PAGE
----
Mathematics education in the United States can reproduce social inequalities whether schools use either "basic-skills" curricula to prepare mainly low-income students of color for low-skilled service jobs or "standards-based" curricula to ready students for knowledge-intensive positions. And working for fundamental social change and rectifying injustice are rarely included in any mathematics curriculum. Reading and Writing the World with Mathematics argues that mathematics education should prepare students to investigate and critique injustice, and to challenge, in words and actions, oppressive structures and acts. Based on teacher-research, the book provides a theoretical framework and practical examples for how mathematics educators can connect schooling to a larger sociopolitical context and concretely teach mathematics for social justice.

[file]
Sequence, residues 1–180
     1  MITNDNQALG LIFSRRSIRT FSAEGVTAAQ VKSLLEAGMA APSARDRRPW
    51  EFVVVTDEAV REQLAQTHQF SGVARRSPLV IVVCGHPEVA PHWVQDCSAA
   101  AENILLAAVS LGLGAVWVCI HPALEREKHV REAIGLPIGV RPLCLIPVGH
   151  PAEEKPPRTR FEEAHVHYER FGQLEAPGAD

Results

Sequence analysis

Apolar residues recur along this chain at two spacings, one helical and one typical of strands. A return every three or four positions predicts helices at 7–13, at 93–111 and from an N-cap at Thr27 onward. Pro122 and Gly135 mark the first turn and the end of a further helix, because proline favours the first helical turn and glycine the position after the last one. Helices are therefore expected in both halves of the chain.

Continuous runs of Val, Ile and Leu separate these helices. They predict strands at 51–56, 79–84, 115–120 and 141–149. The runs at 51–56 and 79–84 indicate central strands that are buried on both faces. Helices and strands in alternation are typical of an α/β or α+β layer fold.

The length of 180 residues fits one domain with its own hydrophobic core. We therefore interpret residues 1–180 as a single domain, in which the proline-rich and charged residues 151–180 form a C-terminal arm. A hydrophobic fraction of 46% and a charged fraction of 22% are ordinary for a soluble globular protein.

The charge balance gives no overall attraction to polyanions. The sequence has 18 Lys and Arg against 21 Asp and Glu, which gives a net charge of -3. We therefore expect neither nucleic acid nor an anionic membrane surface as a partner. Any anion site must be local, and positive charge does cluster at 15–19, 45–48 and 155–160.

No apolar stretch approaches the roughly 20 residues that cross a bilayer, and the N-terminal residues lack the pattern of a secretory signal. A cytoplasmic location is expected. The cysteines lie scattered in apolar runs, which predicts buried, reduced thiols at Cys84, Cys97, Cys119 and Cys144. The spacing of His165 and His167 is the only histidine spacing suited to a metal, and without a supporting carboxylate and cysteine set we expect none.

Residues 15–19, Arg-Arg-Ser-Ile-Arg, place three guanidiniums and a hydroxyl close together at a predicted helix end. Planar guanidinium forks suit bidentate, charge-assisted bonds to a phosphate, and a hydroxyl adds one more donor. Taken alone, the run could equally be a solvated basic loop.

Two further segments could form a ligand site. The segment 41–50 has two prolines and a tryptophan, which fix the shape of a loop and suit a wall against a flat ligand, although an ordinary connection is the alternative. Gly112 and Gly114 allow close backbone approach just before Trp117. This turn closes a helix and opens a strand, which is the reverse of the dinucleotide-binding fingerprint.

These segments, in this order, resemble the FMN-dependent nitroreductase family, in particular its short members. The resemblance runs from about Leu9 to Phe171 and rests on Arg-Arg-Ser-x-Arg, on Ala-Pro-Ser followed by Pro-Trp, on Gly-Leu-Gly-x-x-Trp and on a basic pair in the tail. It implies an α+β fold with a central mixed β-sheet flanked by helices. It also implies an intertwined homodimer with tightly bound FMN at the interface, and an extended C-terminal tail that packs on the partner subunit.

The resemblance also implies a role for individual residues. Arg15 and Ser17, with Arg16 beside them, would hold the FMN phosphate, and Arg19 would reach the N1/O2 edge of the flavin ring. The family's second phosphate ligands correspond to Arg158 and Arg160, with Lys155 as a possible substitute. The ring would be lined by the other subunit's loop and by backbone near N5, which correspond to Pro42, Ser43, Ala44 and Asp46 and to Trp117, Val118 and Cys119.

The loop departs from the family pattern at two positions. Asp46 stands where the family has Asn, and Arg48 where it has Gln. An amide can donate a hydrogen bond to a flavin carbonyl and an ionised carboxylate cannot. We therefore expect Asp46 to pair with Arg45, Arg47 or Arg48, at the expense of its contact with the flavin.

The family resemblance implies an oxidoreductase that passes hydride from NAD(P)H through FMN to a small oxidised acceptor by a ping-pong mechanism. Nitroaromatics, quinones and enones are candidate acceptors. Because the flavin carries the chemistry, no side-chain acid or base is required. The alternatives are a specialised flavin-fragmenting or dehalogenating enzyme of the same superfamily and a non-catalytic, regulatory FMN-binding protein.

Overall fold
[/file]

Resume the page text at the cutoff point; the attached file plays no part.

chapter 2|18 pages

Education for Liberation

Toward a Framework for Teaching Mathematics for Social Justice

chapter 3|32 pages

Reading the World with Mathematics

Developing Sociopolitical Consciousness

chapter 4|30 pages

Writing the World with Mathematics

Developing a Sense of Social Agency

chapter 6|36 pages

Co-Creating a Classroom for Social Justice

Possibilities and Challenges

chapter 7|14 pages

“Lucha Is What My Life Is About”

Students' Voices on Social Justice Mathematics with Maria Barbosa, Adrián Calderãn, Grisel Murillo, and Lizandra Nevárez

chapter 8|20 pages

“The Real World As We Have Seen It”

Parents' Voices on Social Justice Mathematics

chapter 9|24 pages


Revisiting Mathematics Education for a Global Context